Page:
The following article is a part of conference coverage from the American Academy of PAs 2021 Conference (AAPA 2021), held virtually from May 23 to May 26, 2021. The team at the Clinical Advisor will be reporting on the latest news and research conducted by leading PAs. Check back for more from AAPA 2021.


Although research on SARS-CoV-2 virus has exploded since it first appeared in Wuhan, China in late 2019, much remains unknown about the virus, including some of the rarer clinical signs, symptoms, and outcomes. Novel presentations of COVID-19 disease and atypical clinical outcomes were shared at the American Academy of PAs 2021 Conference (AAPA 2021).

A selection of these cases, including patients with acute hepatitis, peripheral ischemia, and bilateral pulmonary embolism, are summarized below.

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Case 1: Acute Hepatitis in COVID-19

Acute hepatitis may be just one of many atypical COVID-19 manifestations. Approximately 44% of patients with the disease have liver function test abnormalities, but the mechanism behind how the virus impacts the liver is still unknown, explained Elliston Whitley, MA, MPAS, PA-C, of Mayo Clinic in Arizona.1

A 25-year-old woman presents to the hospital complaining of abdominal pain, nausea, vomiting, and diarrhea, following a COVID-19 diagnosis 9 days prior. The patient reports minor respiratory complaints that resolved before presentation. The patient has not received treatment for COVID-19, according to the study author.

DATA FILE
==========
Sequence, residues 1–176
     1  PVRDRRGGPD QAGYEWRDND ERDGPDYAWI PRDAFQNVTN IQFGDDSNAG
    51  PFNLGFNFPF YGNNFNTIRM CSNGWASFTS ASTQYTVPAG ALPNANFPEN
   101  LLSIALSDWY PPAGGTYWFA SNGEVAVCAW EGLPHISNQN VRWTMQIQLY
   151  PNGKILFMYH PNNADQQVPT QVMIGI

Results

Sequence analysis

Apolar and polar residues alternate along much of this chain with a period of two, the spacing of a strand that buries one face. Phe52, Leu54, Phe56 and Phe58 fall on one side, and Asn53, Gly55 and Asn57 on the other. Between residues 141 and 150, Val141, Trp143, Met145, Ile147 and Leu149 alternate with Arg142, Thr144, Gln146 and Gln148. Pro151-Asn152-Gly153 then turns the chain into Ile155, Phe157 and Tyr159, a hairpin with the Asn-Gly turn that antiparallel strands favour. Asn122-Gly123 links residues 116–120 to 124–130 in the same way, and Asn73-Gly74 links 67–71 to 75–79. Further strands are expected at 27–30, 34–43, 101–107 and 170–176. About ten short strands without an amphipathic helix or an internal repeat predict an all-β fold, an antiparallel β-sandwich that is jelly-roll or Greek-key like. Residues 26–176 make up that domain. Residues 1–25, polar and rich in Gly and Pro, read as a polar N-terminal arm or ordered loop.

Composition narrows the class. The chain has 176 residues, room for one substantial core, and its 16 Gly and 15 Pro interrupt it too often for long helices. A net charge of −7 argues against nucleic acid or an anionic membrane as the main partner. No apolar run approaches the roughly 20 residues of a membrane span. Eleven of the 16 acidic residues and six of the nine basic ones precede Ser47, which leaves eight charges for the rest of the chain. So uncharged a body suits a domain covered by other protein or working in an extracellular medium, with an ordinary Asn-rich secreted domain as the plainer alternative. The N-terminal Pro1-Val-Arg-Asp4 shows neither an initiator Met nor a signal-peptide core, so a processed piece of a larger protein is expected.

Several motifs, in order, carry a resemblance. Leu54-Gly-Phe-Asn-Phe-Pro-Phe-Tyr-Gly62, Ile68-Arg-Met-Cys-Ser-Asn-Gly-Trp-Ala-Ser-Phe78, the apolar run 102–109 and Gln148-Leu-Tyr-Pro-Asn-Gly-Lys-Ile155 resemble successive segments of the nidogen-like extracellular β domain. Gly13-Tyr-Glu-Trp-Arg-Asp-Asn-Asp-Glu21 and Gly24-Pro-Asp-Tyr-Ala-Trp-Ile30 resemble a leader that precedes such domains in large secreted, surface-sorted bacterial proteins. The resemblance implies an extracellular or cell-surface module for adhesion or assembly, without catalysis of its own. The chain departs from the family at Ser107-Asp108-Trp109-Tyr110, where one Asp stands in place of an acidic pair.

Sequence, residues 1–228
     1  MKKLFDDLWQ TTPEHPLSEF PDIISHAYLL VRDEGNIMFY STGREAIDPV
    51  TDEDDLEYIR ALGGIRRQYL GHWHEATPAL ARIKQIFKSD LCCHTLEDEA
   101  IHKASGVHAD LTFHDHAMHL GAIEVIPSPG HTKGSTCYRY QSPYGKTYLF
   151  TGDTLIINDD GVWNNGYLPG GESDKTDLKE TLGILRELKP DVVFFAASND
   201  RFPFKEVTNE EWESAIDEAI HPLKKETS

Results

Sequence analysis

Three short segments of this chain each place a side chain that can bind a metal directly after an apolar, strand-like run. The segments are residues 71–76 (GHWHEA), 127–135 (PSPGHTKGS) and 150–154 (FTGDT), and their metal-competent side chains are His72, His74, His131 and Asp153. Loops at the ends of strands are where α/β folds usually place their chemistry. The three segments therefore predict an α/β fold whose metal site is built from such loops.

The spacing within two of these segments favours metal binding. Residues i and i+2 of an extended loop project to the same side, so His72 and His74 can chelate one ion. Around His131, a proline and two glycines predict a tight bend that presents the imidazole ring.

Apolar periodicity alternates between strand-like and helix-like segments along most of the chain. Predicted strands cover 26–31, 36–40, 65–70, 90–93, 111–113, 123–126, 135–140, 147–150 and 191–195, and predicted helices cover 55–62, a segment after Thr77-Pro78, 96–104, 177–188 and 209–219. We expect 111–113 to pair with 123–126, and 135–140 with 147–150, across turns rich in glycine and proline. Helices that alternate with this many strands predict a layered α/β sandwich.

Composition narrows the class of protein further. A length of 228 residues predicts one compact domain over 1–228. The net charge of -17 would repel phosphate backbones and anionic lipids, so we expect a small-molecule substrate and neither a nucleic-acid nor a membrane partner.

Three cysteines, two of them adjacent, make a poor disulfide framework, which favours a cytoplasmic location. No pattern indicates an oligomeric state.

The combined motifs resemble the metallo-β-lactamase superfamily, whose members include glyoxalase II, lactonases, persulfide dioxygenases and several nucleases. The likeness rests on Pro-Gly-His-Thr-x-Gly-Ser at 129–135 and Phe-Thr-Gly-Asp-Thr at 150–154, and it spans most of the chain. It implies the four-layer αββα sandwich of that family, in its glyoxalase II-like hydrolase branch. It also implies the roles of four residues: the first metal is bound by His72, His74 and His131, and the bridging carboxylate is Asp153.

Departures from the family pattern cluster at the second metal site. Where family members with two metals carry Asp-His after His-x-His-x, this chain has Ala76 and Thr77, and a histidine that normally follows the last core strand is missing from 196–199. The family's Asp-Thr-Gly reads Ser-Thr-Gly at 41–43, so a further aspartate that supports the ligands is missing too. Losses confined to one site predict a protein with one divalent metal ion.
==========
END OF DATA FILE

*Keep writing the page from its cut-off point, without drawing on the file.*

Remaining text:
The diagnostic workup is notable for transaminitis: alanine aminotransferase (ALT) is 420 U/L and aspartate transaminase (AST) is 276 U/L; bilirubin is normal.

Per hepatology consultation, the patient receives an autoimmune panel, viral hepatitis panel, and liver ultrasound with Doppler in order to rule out thrombus. All panels and the ultrasound are negative.

Despite these results, the patient reports persistent gastrointestinal complaints and transaminitis continues to increase, with peak ALT and AST levels of 1069 U/L and 527 U/L, respectively.

The patient undergoes a liver biopsy that reveals mild acute hepatitis, mild macrovesicular steatosis, and mild zone 3 sinusoidal dilation, all of which could be related to her COVID-19 diagnosis, according to the study author.

The patient is ultimately discharged from the hospital with hepatology follow-up.


This case demonstrates that although elevated liver function test results may be common in patients hospitalized with COVID-19, clinicians should not assume that these findings are a direct manifestation of COVID-19. In this case, the patient’s autoimmune and viral pathogen panel were negative, including results for antinuclear antibodies, smooth muscle antibodies, and mitochondrial antibodies, as well as hepatitis A, B, C, and E viruses, Epstein-Barr virus, herpes simplex virus, and cytomegalovirus serologies. Toxicology evaluations also showed undetectable levels of acetaminophen, negative urine drug screen, and negative ethyl glucuronide. Additionally, liver ultrasound showed normal hepatic parenchyma, no dilation of the bile duct, and patent portal and hepatic veins.

Hemochromatosis and alpha-1 antitrypsin deficiency were also ruled out.